Two Sons with a Rare Brain Cancer? We Choose to Fight through Advocacy
, by Brock Greene, Founder of Oligo Nation
Read how a father is advocating to save his two sons with oligodendrogliomas, and how his family copes.
Like most oligodendroglioma patient stories, ours started with the shock of the diagnosis on August 1, 2008. Our 16-year-old son, Spencer, was experiencing focal seizures in his right arm when he played soccer. After months of eliminating possible causes, a magnetic resonance imaging (MRI) scan confirmed a brain tumor called an oligodendroglioma the size of lemon in his right frontal lobe.
Two days later, Spencer had surgery to remove as much of the tumor as possible. We spent the next 20 months doing the MRI thing, hoping that the tumor would stay quiet for a long time. In April 2010, he had another focal seizure and was put on chemotherapy for a year.
In June, before Spencer started Temodar, an oral chemotherapy drug, we took a family vacation to Mexico. A few hours after arriving, our older son, Zach, then age 21, had a grand mal seizure. It was the scariest experience of my life. We returned home and the MRI revealed that Zach also had an oligodendroglioma. Fortunately, they removed “all” of his tumor.
As with most oligodendroglioma survivors, the medical story didn’t end there—far from it. Since then, both boys have had a recurrence and a second surgery followed by proton therapy and chemotherapy. And more recently, Spencer’s MRI showed apparent growth, so he has been on a clinical trial targeting the IDH1 gene for about a year. Both boys are on the ketogenic diet.
But, we are lucky. Both boys are doing well and living their lives with few limitations—other than having to live near a top brain tumor center. Zach recently received his doctorate in physics from Columbia University in New York and is looking to put all that knowledge to work. Spencer lives in the San Francisco Bay Area and works for a health care provider.
The Personal Journey
I don’t honestly think there’s a way for others to really understand what something like this does to your life and outlook. The grieving process often begins at diagnosis. And going through the five stages of grief isn’t pretty—and I doubt I will ever get to acceptance. Over time, I have found it possible to be positive and continue to lead a full life, but there’s no escaping the sense of dread of the future.
And our family has gotten better at dealing with our reality. At the beginning, we didn’t understand much about this disease, and we were somewhat afraid to find out more. Each new medical setback would plunge us into the fearful unknown. But we came to accept that in one way or another, we would find our way through it.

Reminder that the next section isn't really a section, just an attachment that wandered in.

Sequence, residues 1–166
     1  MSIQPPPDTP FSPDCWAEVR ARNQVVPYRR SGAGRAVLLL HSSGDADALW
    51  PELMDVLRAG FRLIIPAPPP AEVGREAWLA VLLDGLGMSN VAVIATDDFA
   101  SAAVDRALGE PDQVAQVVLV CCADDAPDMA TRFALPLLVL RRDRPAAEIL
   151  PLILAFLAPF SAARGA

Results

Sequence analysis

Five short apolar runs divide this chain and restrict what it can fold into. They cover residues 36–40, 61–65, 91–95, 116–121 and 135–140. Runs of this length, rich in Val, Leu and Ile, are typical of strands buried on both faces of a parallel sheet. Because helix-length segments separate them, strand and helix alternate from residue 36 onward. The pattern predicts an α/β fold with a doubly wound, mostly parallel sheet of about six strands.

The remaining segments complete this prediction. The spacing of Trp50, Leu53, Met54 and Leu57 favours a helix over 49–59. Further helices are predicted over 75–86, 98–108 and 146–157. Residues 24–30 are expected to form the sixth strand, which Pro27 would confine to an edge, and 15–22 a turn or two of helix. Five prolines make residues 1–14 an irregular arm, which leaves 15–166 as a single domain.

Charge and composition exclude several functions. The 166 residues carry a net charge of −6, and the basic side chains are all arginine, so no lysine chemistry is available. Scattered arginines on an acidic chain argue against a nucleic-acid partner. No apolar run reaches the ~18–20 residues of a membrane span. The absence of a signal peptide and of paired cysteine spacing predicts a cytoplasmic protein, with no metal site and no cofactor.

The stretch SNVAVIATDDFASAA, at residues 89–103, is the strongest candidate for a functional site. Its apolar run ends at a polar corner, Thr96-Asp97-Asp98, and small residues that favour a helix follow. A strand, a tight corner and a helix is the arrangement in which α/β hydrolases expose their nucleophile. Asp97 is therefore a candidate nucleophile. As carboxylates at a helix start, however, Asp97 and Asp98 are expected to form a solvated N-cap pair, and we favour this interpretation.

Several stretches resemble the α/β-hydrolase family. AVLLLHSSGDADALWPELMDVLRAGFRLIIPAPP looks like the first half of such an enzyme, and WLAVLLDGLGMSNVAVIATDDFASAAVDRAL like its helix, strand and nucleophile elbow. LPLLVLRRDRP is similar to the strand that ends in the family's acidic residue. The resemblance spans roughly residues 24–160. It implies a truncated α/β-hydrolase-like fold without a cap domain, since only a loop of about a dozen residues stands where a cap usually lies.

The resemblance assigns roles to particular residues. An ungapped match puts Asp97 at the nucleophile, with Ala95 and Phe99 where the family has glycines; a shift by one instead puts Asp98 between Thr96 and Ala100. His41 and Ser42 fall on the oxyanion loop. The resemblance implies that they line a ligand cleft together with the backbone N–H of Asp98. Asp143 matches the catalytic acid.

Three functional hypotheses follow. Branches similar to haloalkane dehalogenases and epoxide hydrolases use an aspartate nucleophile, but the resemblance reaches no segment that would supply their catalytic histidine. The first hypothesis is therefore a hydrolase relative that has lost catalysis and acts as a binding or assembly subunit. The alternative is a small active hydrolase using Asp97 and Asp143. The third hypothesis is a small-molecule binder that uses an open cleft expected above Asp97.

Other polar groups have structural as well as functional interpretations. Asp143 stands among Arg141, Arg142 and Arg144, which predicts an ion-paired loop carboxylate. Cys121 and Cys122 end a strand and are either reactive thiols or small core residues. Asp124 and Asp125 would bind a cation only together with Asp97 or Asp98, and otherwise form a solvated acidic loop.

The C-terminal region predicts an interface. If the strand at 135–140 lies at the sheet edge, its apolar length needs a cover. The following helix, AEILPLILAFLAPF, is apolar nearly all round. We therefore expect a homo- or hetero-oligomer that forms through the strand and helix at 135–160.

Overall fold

Without a doubt, the biggest factor in our coping with and, to some extent, overcoming the negatives of our situation has been the work we have done with Oligo Nation to advance research. Instead of feeling helpless in the face of a currently incurable disease, we are energized and excited about the progress and opportunities ahead. Two years ago, I moved from hopeful to optimistic, which might not sound like much, but it is a huge difference.
On a different level, the support we have received and continue to receive from friends, family, and others has been beyond belief. Our family is amazed and humbled by the love that we feel.
The final thing is that I know that we are lucky. Both our boys are alive and (mostly) well. Being grateful for what we have is more powerful than grieving over what we have lost.
Having two kids with brain cancer was more than I could handle initially. But after a few months, I picked myself up off the floor. I remembered my father saying that “Greenes don’t take bad news lying down.” I realized I had to do anything and everything in my power to “save” my boys.
But where to start? I donated to a brain tumor foundation. Then, I checked their website and realized they weren’t funding any oligodendroglioma research. I checked other brain tumor foundations—no oligodendroglioma research. So, I called to see what could be done. They told me that they would create a dedicated oligodendroglioma research fund. We were successful over three years, but, ultimately, it was clear to me that this non-profit was not going to solve our problem.
Believe me, it was never our plan to run our own non-profit. But in early 2014, I jumped in all the way and created Oligo Nation. It was going to have to be the vehicle to deliver the new treatments my family and thousands of others needed. The priority was to get others in the oligodendroglioma community involved to support research and bring awareness to this disease.
It took us several years to build up our war chest, but in 2016, we started making grants for medical research. Over the past few years we have made 10 grants and have raised the visibility of oligodendroglioma research with leading institutions. Having money to invest is critical, but a lot of good things have happened by just asking, “How does your work apply to oligodendroglioma?”
One other area that has been of increasing importance is acting as a resource for others in the oligodendroglioma community as they try to navigate a difficult—and sometimes confusing—landscape of treatment options, second opinions, and insurance hurdles.
My family is committed 100 percent, every day of the year. That’s why we are excited to partner with the National Cancer Institute’s new program called NCI-CONNECT, which is focusing on selected rare adult central nervous system cancers, including oligodendroglioma. I believe that combining efforts of the NIH, non-profits, and the research institutions is an approach that will have a positive impact on improving care and treatment for patients.